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Tuesday, 6 October 2009

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Habitat planning for future

The United Nations has designated the first Monday in October each year as World Habitat Day. The idea is to reflect on the state of our towns and cities and the basic right to adequate shelter. The dedication of a special day in the annual calendar towards the topic shows the growing concern shown by the world towards the challenges posed by rapid urbanization and the corresponding depletion of habitable space. Population explosion too hasn’t helped.

The world is also beset by new challenges such as climate change which is intertwined with rampant urbanization. Runaway industrialization too has today turned cities into teeming hubs with mass migration of populations to enjoy economic benefits. As a result, most cities have been turned into virtual ghettos to accommodate these economic migrants bringing with its own problems such as rising crime and even terrorism.

Today, urban migration has assumed alarming proportions with major cities in the world bursting at the seams. This of course is a natural phenomenon with all avenues of progress and advancement centred in the cities not to mention the cities being the fount of all employment, being as they are the economic and commercial hubs.

Thus migration to cities and the metropolitan cannot be avoided. But what is the alternative? Haven’t those who matter failed to foresee this phenomenon and put in place a proper action plan to cope with the situation? Very soon entire cities would be gobbled up by mass migration adding to the ghettos and shanties that already dot the landscape of many capitals. In this scenario, mere dedication of a day in the calendar year is not going to help. The UN should play a more pro-active role to address the issue and support initiatives that stem the flow of mass migration to the cities.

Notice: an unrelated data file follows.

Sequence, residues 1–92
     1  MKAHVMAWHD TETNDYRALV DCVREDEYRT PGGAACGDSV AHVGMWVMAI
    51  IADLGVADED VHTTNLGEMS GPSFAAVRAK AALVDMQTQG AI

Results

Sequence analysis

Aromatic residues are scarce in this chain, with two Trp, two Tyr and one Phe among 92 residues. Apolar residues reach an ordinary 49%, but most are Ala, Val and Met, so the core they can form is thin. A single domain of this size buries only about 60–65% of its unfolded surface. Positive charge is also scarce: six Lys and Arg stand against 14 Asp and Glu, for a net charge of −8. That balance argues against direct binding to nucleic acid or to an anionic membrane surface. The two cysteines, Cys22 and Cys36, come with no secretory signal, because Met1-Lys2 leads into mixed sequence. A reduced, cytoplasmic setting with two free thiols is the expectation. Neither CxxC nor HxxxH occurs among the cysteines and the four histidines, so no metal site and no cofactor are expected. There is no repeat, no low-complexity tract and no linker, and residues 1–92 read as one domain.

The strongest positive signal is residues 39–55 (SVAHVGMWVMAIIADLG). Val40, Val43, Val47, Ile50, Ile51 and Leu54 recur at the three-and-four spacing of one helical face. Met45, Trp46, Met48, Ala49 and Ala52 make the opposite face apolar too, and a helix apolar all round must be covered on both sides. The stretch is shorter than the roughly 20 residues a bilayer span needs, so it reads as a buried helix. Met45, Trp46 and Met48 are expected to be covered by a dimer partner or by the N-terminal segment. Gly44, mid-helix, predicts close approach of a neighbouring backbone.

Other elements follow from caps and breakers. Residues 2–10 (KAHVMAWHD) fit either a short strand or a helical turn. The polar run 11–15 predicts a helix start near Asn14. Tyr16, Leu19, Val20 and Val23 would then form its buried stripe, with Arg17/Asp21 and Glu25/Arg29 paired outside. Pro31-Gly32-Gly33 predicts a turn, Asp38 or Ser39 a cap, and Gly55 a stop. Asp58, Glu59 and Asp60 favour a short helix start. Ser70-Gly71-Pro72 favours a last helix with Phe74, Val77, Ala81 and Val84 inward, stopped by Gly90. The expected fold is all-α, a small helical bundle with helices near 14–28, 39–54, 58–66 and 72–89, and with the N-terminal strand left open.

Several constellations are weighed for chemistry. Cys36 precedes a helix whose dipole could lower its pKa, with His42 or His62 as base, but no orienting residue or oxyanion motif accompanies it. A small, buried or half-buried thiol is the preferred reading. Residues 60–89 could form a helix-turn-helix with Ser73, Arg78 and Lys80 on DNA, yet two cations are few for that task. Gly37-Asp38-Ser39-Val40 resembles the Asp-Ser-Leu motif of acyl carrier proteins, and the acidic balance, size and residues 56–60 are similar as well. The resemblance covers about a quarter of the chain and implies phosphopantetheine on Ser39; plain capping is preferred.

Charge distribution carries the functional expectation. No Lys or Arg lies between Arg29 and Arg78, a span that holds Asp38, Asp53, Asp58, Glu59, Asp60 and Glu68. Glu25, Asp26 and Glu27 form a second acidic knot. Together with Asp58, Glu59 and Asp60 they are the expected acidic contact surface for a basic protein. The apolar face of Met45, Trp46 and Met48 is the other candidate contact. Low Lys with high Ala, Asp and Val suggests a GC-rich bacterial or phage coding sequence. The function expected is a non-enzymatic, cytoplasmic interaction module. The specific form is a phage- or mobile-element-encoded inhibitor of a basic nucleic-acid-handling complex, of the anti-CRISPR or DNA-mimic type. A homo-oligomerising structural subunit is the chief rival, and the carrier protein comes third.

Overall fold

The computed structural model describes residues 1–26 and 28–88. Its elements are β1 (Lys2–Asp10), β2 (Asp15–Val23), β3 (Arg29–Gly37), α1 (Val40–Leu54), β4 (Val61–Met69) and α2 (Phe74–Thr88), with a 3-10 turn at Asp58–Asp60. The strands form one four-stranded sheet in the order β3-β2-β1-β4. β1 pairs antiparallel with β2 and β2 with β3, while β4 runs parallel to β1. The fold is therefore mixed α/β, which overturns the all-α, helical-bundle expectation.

The main cities have also being the convenient retreat to those caught up in the war and conflict as the Sri Lankan experience has shown. As much as 54 percent of the Northern populace had sought shelter outside the theatre of conflict and a vast majority of them had settled down in the Colombo metropolitan. There is also the tendency to seek the proverbial pot of gold in the cities by backward communities not to mention all the new attractions and modern amenities among the new generation which only the cities can provide.

No doubt the concentration of economic and commercial activity in the cities has also contributed to this mass inflow. With urban migration comes the problem of accommodation which too has posed a major problem for city planners. Sri Lanka is one of the countries which has been affected by large scale urban migration where its capital city is finding it difficult to cope with a fast shrinking landmass due to new constructions and economic expansion.